State v. Bolds, 913 S.W.2d 393, 396 (Mo.App.W.D. 1996).

State v. Kelly, 885 S.W.2d 730, 735 (Mo.App.W.D. 1994).

State v. Nunley, 980 S.W.2d 290, 292 (Mo.banc 1998), cert. denied 526 U.S. 1100, 119 S.Ct. 1580, 143 L.Ed.2d 674 (1999).

To be entitled to an evidentiary hearing, Mr. Allen must (1) allege facts, not conclusions, which, if true, would entitle him to relief; (2) demonstrate that the allegations are not refuted by the record; and (3) show that the matters complained of prejudiced him. An evidentiary hearing is not required if the motion court determines that the motion, files, and records of the case conclusively show that the movant is entitled to no relief.

State v. Fanning, 939 S.W.2d 941, 948 (Mo.App.W.D. 1997).

Id.; Rule 29.15(g).

Mr. Allen asserts that trial counsel was ineffective because he did not call Mr. Allen as a witness. The motion court, however, found that it was reasonable trial strategy to not allow Mr. Allen to testify when the attorney fears the testimony may hurt rather than help his client's defense. Reasonable trial strategy will not support a claim of ineffective assistance of counsel. But it has long been established that, in a criminal case, a defendant's right to testify is personal to him because it is a fundamental constitutional right, and only the defendant has the power to waive that right. Furthermore, like all constitutional rights, the waiver must be made voluntarily and knowingly.

State v. Maddix, 935 S.W.2d 666, 671 (Mo.App.W.D. 1996).

Fanning, 939 S.W.2d at 949.

Id. at 949-50 (quoting State v. Blewett, 853 S.W.2d 455, 460 (Mo.App.W.D. 1993)).

The record is devoid of any indication that Mr. Allen knowingly waived his right to testify. We have previously recommended that the trial court and the attorneys create a record outside the hearing of the jury, while the defendant is under oath, indicating the defendant's waiver of his right to testify. This is accomplished simply by asking the defendant at the close of the State's evidence if he would like to testify, and, if not, then the court should advise him that he is waiving his right to testify. Mr. Allen's allegation that he wanted to testify on his own behalf and that his attorney refused to call him as a witness, if true, warrants relief. The record does not refute these allegations, and it fails to show that Mr. Allen voluntarily and knowingly waived his right to testify. "A violation of a constitutional right of this magnitude is presumed prejudicial."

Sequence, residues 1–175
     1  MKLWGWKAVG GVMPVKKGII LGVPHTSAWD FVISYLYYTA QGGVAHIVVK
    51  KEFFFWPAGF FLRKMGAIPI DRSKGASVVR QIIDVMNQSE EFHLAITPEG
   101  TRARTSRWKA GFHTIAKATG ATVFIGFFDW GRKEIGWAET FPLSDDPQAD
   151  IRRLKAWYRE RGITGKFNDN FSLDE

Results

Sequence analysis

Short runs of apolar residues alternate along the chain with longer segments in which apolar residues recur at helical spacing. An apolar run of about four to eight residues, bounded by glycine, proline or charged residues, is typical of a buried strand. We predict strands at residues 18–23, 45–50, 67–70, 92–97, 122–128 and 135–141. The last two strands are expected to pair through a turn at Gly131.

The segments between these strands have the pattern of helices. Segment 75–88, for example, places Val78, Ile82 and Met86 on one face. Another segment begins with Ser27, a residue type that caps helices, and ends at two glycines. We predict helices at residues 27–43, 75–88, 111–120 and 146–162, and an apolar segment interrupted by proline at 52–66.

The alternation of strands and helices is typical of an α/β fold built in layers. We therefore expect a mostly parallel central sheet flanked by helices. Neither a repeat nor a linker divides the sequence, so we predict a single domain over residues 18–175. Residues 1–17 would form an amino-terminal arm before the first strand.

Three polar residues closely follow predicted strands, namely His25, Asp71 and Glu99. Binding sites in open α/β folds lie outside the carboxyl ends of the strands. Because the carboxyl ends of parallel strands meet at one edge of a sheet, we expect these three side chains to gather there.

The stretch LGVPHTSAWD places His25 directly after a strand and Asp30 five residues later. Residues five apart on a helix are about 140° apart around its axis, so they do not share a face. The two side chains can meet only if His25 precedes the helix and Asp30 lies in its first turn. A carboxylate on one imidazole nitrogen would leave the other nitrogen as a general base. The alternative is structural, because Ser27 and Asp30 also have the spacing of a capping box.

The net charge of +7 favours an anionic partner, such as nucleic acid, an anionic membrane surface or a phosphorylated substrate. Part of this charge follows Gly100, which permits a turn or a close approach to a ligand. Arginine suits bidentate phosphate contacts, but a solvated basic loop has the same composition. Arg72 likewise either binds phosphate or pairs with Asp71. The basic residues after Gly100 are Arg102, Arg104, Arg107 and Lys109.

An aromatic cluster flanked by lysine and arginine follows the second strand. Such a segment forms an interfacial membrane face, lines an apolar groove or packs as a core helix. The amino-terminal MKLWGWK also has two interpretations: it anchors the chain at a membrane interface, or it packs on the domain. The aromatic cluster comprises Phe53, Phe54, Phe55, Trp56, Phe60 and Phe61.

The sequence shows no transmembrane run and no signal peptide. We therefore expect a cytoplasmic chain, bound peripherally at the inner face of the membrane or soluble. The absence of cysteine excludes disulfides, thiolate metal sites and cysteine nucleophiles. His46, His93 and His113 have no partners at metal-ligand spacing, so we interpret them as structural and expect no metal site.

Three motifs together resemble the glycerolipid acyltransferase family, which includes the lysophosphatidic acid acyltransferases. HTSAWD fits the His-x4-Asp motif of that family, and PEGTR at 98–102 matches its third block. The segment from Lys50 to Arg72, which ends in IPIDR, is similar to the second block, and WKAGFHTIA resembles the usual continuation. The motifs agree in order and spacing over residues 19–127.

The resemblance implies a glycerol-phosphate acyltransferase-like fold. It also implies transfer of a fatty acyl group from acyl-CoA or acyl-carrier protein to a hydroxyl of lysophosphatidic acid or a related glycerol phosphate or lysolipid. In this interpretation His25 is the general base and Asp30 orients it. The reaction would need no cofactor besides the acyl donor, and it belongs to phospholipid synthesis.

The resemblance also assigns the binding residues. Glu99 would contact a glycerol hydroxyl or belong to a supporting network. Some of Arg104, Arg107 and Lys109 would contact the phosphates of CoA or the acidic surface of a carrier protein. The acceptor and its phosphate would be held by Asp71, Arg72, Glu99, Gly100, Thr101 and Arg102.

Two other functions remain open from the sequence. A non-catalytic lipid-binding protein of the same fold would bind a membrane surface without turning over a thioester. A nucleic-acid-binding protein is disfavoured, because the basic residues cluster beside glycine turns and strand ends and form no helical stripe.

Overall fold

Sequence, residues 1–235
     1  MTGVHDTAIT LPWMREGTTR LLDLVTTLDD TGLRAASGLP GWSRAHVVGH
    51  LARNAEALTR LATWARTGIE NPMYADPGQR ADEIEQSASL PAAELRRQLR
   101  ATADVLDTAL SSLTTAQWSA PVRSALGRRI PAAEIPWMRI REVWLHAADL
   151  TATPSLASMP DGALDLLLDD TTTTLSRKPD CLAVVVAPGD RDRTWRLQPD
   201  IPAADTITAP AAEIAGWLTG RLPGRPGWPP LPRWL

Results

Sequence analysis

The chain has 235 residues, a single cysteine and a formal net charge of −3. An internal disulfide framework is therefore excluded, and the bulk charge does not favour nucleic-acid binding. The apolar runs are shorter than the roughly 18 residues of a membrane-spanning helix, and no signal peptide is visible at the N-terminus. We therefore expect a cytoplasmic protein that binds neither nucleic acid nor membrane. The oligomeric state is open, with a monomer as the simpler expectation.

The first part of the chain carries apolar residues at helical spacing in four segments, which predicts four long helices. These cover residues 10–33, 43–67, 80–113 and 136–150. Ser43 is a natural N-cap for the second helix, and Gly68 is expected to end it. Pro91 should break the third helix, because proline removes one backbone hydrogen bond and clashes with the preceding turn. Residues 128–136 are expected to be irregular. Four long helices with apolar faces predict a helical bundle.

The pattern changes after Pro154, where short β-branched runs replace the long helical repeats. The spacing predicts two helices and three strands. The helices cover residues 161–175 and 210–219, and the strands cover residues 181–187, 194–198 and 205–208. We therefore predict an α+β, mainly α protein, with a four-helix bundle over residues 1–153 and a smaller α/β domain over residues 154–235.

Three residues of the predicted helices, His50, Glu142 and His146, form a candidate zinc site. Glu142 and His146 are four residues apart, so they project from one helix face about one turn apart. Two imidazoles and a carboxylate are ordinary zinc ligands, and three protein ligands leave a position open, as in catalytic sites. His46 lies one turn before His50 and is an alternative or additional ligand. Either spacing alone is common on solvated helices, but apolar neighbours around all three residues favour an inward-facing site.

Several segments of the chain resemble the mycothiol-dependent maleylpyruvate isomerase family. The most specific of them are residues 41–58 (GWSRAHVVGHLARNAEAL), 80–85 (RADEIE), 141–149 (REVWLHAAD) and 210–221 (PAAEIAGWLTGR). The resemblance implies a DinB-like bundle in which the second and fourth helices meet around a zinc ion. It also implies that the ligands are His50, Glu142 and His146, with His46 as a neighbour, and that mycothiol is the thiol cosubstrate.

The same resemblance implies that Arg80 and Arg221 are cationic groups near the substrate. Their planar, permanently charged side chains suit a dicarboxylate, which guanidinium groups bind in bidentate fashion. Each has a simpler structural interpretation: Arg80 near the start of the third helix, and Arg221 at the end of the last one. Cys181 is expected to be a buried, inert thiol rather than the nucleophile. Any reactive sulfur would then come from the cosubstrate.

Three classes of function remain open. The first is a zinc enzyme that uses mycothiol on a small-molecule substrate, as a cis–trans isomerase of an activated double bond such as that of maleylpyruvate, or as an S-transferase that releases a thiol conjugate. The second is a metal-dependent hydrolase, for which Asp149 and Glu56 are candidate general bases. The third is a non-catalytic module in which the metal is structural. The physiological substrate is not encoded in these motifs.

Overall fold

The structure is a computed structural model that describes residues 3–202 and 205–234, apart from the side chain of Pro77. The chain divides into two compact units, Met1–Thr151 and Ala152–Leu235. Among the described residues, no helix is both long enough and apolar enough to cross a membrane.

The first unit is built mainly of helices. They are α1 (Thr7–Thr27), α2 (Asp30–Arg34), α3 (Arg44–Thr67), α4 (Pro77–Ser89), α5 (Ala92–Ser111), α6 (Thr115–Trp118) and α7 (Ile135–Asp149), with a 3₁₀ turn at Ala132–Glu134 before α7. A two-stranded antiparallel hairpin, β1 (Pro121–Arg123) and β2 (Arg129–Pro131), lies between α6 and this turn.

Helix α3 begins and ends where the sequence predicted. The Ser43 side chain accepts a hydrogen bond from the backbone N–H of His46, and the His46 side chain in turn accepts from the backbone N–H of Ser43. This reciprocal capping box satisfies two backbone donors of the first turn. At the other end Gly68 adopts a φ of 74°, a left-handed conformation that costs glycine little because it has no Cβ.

Kenney v. State, No. W.D. 58174, 2001 WL 535738, at *2 n. 1 (Mo.App.W.D. May 22, 2001).

Blewett, 853 S.W.2d at 461.

Moreover, Mr. Allen claims he would have offered the following explanation by testifying:

On December 1, 1995, he was planning to pay for the coats, but as he was carrying the coats, the store security guards hit him in the head from behind. The guards continued to attack him so he dropped the coats and ran out of the store for his own safety. On February 1, 1996, he went back to The Jones Store to look for his watch he lost on December 1, 1995. When the security guards saw him, they yelled at him. Fearing he would be attacked again, he ran out of the store. On his way out of the store, he accidentally knocked over a vase. In order to keep the vase from breaking, he grabbed it. Once he was outside, he put the vase down.

Based on State v. Starks, a defendant must allege facts regarding his proposed testimony for an evidentiary hearing to be considered. Here, Mr. Allen stated his proposed testimony in his Rule 29.15 amended motion. Therefore, because Mr. Allen claimed that he advised his trial counsel that he wanted to testify, but trial counsel did not allow him to testify; he stated the testimony he would have presented at trial; and the record does not show that he knowingly and voluntarily waived his right to testify, we must remand the case to the motion court for the limited purpose of determining whether Mr. Allen voluntarily waived his right to testify.

856 S.W.2d 334 (Mo.banc 1993).

Id. at 336; see also State v. Barnaby, 950 S.W.2d 1, 5 (Mo.App.W.D. 1997).

See Fanning, 939 S.W.2d at 949-50; see also State v. Roddy, 963 S.W.2d 313, 317 (Mo.App.W.D. 1997).


The motion court's judgment denying Mr. Allen's Rule 29.15 motion is reversed and remanded for a hearing on Mr. Allen's claim that his trial counsel precluded him from testifying at trial.

JOSEPH M. ELLIS, Judge and RONALD R. HOLLIGER, Judge, concur.